Thu 16th Feb: As we progress into Thursday and model agreement is good for Wednesday’s low pressure to be tracking just to the north of Scotland early in the day before then clearing away to the NE as the day progresses. As a result, it will be across the northern half of the UK that conditions during Thursday will be most unsettled with a continued risk of some showers and perhaps longer spells of rain. There is some evidence of forcing interacting with the surface low pressure during the day, so some locally heavy precipitation cannot be ruled out, but this likely restricted to parts of Scotland. For most of England and Wales though it will be a relatively dry and benign day generally given more of an anticyclonic flow and some bright or sunny spells are possible too. As the low pressure clears away to the north-east then WAA from the SW of the UK, in association with an upper trough over the western N Atlantic, will allow for a general build in GPH across most areas of the UK to end the week. But this build in pressure will be contaminated by weak frontal zones attempting to run into it from the SW and also given what will be quite a mild and moist boundary layer given the mT air mass. The general evolution at the start of Thu is highlighted well by the GM’s, note to the large low pressure over the W N Atlantic, it is this feature that has brought the extreme snowfall and blizzard conditions to parts of Canada in recent days.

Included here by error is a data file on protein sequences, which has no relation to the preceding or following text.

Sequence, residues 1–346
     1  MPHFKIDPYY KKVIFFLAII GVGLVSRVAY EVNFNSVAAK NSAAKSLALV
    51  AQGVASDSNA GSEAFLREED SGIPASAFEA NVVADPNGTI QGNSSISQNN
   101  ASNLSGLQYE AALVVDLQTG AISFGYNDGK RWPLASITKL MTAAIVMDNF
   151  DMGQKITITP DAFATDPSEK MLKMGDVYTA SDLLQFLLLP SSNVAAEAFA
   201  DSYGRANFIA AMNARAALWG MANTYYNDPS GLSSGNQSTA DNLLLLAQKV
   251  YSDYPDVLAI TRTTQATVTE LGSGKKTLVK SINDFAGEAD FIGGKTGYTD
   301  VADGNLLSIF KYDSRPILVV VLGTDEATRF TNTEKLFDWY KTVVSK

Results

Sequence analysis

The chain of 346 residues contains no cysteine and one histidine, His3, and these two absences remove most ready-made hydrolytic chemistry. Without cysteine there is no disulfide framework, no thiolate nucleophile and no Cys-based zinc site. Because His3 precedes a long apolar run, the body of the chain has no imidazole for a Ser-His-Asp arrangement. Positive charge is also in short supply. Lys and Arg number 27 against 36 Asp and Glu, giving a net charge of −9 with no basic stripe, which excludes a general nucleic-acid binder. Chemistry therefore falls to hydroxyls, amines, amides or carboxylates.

It is on the downstream side of this low pressure that the WAA will allow for the rise in pressure to end the week, especially across England and Wales and this is annotated below.
Fri 17th Feb: As we progress towards the end of the week and, again, model agreement regarding the broader synoptic evolution is good and hence high confidence in the overall forecast. There are uncertainties over the details mind, especially regarding the potential development of some dense fog across more central and southern areas of England on Thursday night and into Friday. Given quite a mild and moist air mass in place over the UK, then any cloud breaks on Thursday night into Friday morning could well allow fog to develop given light winds beneath the building ridge of high pressure, certainly something to be aware of. Overall though Friday itself will be dominated by a ridge of high pressure across most areas of the UK, which will mean predominantly fine and settled conditions for many with little in the way of any active or descriptive conditions. There are some uncertainties over cloud amounts, but again given that the air mass beneath the ridge will be of an mT origin then forecast soundings do show quite a moist boundary layer conditions, so whilst some cloud breaks are possible, overall quite a lot of cloud leading to grey and overcast conditions are likely. As Friday progresses though and then particularly towards the end of the day, a shortwave upper trough will be approach from the west, with an associated surface frontal zone and this is then likely to move into the UK bringing some frontal precipitation to parts of Ireland, Wales and western areas of England into the overnight period. The GFS model, using 500hPa and MSLP highlights the upper ridge over the UK towards 1800Z on Fri, but then note the approaching upper trough from the west in what essentially leads to a short-wave, trough-ridge-trough-ridge pattern over NW Europe to end Friday, as annotated.